The lunge is a great multitasking move -- it targets the abs, butt, quads, and hamstrings all at once. With feet together, slowly lift the right leg and step forward, placing your right foot firmly on the floor. Lower the hips until your right thigh is parallel with the floor. Make sure your right knee doesn’t push forward in front of your toes. Slowly return to standing. Aim for eight to 12 reps, and repeat on the other side.

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workout routine chart
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Creating an Ab Routine That Works

For best results, do a targeted ab routine two or three times per week, resting at least one full day between workouts. Don't try to do all the moves in this slideshow in one workout. Pick four to eight moves for each session, and spread the work across different muscle groups. To keep your muscles challenged, mix up the moves every few days or weeks. If you're 45 or older or have a medical condition, check with your doctor first.

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man jumping over rocks
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Cardio for Flat Abs

If you can’t see your abs for your belly, you need more than an ab workout. Aim for a minimum of 30 minutes of moderate-intensity cardio on most days of the week. Crunched for time? Switch to vigorous aerobic activity -- for 75 minutes each week. Besides burning fat, regular cardio protects against heart disease, depression, and certain types of cancer.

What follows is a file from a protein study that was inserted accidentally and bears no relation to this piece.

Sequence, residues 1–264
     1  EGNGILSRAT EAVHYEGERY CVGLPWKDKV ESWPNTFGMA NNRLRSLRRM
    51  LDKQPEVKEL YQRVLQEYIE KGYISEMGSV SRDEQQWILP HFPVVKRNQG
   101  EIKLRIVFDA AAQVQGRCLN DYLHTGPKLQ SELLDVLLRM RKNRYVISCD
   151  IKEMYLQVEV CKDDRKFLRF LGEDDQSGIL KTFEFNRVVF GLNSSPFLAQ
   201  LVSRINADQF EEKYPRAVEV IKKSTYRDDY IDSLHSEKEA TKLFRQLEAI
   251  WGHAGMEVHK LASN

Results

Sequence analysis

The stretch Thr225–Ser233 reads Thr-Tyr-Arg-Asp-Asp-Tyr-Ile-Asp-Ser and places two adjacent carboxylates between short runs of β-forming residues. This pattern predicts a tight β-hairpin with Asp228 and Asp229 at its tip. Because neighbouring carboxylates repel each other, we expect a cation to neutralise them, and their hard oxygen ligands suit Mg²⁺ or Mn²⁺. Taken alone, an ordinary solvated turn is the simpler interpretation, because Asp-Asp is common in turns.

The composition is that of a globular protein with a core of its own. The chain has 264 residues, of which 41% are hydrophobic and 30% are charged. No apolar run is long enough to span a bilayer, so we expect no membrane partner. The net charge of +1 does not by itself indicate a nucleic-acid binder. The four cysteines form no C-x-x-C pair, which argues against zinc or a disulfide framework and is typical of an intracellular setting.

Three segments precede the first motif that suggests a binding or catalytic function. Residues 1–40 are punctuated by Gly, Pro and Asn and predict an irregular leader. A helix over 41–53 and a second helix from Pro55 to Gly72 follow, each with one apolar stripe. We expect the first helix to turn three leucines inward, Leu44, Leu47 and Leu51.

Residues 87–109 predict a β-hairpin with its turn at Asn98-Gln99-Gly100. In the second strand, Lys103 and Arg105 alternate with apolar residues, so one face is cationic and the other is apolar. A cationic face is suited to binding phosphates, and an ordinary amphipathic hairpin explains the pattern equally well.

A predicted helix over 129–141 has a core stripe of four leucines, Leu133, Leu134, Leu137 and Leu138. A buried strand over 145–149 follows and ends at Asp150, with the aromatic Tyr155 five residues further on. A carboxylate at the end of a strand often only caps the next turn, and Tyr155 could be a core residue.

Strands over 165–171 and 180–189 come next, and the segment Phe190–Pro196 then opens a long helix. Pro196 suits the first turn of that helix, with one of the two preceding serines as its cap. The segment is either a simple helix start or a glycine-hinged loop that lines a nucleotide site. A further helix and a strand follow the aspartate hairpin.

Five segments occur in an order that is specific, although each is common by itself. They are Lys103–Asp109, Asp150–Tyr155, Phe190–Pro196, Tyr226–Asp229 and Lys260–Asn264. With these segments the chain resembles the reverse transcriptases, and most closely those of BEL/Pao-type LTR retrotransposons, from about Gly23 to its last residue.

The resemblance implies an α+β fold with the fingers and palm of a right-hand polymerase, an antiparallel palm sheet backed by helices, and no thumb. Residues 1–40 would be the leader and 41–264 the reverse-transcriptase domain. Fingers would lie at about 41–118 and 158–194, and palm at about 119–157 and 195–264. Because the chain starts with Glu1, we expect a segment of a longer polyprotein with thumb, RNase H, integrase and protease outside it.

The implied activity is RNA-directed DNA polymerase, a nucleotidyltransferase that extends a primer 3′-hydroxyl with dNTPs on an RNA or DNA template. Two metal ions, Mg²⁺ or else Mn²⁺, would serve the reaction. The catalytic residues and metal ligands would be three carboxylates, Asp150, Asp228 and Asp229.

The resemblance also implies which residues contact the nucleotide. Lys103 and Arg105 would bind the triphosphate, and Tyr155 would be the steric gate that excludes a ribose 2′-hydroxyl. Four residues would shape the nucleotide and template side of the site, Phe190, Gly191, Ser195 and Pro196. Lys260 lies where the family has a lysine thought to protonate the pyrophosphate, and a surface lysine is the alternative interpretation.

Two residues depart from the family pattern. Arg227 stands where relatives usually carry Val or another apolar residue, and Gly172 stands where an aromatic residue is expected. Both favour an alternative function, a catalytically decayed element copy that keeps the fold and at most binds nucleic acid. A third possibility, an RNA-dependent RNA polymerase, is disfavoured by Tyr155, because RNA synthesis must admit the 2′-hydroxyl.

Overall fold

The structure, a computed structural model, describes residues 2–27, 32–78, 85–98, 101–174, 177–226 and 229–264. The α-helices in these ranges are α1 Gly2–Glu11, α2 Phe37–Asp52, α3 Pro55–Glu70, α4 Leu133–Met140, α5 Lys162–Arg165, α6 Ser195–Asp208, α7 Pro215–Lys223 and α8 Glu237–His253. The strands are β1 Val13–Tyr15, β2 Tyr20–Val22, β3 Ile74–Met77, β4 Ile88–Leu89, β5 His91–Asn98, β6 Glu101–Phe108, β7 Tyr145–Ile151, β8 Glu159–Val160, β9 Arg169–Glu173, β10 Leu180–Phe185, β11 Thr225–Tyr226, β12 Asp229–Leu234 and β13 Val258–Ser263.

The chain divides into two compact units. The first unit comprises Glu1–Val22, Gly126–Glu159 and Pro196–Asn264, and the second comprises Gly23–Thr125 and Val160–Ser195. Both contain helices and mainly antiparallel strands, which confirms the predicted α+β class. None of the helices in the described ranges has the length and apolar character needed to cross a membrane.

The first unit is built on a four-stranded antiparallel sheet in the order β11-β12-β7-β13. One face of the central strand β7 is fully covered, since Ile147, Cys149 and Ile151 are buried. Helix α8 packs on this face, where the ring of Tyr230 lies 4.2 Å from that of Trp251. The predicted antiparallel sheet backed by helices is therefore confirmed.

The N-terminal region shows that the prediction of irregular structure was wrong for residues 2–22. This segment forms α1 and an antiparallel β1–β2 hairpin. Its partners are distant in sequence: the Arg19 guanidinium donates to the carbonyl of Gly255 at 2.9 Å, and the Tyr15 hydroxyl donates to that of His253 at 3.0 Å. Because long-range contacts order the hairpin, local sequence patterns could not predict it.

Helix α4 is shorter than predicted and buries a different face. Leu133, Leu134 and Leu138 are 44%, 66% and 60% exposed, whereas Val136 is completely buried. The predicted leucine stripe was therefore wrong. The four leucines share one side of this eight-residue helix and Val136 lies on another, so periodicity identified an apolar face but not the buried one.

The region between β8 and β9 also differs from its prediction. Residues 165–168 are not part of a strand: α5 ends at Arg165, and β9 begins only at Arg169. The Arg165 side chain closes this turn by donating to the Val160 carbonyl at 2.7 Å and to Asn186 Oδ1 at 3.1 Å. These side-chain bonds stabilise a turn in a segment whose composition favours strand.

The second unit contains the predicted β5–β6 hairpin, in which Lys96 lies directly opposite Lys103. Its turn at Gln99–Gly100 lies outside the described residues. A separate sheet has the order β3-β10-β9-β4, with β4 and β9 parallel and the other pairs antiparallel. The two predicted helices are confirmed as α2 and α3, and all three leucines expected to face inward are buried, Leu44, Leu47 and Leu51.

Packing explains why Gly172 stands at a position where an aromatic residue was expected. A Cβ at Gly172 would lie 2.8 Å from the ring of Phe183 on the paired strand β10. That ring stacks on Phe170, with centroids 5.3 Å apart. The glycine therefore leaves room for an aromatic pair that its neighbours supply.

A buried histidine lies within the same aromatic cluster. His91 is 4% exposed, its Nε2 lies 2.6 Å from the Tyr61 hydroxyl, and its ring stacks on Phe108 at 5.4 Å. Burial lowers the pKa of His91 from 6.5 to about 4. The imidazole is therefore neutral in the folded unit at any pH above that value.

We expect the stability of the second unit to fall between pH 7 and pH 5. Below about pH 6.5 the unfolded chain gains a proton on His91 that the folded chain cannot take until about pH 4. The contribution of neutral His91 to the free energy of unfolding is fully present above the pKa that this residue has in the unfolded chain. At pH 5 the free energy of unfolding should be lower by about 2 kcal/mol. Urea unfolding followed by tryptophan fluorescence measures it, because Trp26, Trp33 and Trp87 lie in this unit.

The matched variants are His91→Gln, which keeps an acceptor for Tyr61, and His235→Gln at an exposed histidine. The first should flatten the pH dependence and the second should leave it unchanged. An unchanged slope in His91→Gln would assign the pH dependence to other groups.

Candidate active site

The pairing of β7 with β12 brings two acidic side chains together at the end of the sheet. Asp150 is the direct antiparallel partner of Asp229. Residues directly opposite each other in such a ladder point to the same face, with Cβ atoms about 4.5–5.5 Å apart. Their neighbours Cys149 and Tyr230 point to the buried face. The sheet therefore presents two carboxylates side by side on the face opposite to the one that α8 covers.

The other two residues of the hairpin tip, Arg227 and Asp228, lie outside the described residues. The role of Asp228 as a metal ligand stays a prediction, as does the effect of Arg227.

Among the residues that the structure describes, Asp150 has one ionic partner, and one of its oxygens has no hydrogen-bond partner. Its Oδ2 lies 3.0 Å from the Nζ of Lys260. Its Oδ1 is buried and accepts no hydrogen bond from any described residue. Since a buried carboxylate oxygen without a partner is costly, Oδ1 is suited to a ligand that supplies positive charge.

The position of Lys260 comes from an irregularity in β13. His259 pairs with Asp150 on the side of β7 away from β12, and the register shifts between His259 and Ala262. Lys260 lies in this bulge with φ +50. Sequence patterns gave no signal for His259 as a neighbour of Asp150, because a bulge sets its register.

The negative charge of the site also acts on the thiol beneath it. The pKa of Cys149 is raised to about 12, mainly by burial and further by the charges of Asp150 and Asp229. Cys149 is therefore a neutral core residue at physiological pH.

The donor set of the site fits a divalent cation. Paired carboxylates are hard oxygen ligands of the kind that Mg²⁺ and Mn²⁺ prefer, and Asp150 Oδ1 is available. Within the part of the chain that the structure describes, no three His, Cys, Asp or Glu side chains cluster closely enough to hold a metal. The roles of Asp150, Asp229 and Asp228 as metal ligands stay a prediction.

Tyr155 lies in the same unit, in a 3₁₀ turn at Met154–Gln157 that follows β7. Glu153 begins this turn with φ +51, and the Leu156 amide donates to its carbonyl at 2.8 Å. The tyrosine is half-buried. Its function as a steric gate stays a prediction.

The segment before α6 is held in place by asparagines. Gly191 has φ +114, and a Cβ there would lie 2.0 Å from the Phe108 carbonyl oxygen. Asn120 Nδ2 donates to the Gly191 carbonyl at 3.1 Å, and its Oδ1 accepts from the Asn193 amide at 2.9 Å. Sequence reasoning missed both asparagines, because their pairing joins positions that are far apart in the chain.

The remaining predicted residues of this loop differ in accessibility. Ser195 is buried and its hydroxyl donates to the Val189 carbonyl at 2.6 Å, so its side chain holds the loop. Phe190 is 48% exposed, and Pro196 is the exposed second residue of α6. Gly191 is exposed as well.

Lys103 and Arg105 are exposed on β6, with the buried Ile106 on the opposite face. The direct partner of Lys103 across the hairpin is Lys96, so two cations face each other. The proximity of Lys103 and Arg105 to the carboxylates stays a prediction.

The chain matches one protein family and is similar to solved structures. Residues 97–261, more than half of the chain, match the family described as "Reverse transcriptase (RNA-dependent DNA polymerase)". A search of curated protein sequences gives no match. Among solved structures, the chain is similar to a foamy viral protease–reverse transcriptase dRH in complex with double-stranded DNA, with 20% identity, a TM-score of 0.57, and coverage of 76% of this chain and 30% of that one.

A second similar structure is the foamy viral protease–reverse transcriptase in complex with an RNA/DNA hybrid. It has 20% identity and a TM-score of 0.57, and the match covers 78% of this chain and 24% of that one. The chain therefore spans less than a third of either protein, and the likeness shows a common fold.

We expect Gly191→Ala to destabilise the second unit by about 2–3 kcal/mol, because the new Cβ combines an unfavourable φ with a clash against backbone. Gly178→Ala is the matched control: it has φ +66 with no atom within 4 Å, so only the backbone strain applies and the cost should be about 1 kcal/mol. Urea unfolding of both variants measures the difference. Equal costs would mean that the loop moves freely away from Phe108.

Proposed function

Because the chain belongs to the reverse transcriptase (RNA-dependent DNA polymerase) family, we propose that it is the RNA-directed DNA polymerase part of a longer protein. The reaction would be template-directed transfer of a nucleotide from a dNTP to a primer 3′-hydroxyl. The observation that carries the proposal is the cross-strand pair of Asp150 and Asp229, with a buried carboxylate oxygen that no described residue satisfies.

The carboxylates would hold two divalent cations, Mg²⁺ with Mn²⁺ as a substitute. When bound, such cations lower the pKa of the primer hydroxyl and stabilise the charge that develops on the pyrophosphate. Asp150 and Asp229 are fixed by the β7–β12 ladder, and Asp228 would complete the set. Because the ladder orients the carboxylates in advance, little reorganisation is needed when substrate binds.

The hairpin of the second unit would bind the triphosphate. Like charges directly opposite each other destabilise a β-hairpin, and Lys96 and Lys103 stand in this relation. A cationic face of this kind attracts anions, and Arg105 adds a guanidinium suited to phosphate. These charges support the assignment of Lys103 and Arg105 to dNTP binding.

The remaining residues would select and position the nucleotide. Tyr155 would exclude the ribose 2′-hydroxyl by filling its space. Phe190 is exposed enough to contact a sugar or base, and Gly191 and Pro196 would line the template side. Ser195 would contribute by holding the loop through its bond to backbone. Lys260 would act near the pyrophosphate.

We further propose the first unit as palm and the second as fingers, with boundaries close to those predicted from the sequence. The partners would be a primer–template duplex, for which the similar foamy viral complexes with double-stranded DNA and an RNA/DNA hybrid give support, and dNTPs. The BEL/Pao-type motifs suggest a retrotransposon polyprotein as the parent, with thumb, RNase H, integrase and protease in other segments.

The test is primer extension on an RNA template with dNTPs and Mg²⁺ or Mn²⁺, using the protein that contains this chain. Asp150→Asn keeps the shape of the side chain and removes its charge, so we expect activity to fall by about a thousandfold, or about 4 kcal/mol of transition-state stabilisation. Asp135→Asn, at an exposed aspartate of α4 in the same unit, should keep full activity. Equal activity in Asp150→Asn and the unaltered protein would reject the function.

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filet mignon
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Food for Flat Abs: Lean Protein

To trim enough belly fat to reveal your developing abs, you'll probably need to cut back on calories. But that doesn't have to mean giving up meat. Lean cuts of pork, lamb, and beef are loaded with protein to help you stay full longer. Fish, beans, and nuts are also good protein sources. A healthy portion is about the size of your fist.

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man making toast
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Whole Grains

There's good evidence for swapping refined grains for whole grains. The fiber in whole grains helps you have a healthy body. Get more whole grains by stirring shredded wheat into your favorite cereal, by making your sandwiches with whole-grain bread, or by ordering your sushi with brown rice.

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greek yogurt with honey
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Greek Yogurt

In one study, dieters who ate nonfat yogurt lost almost twice as much belly fat as those who didn't eat yogurt. If you find ordinary yogurt isn't a satisfying snack, try the Greek variety -- it’s thicker and has more protein.

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man holding avacado
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Good Fats

Fat is not off the menu when you’re trying to lose weight. You need some fat to help you build muscles. Just make sure it’s the right kind. Sources of good fats include avocado, nuts, olive oil, and fatty fish, such as salmon.

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healthy colorful salad
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Fruits, Veggies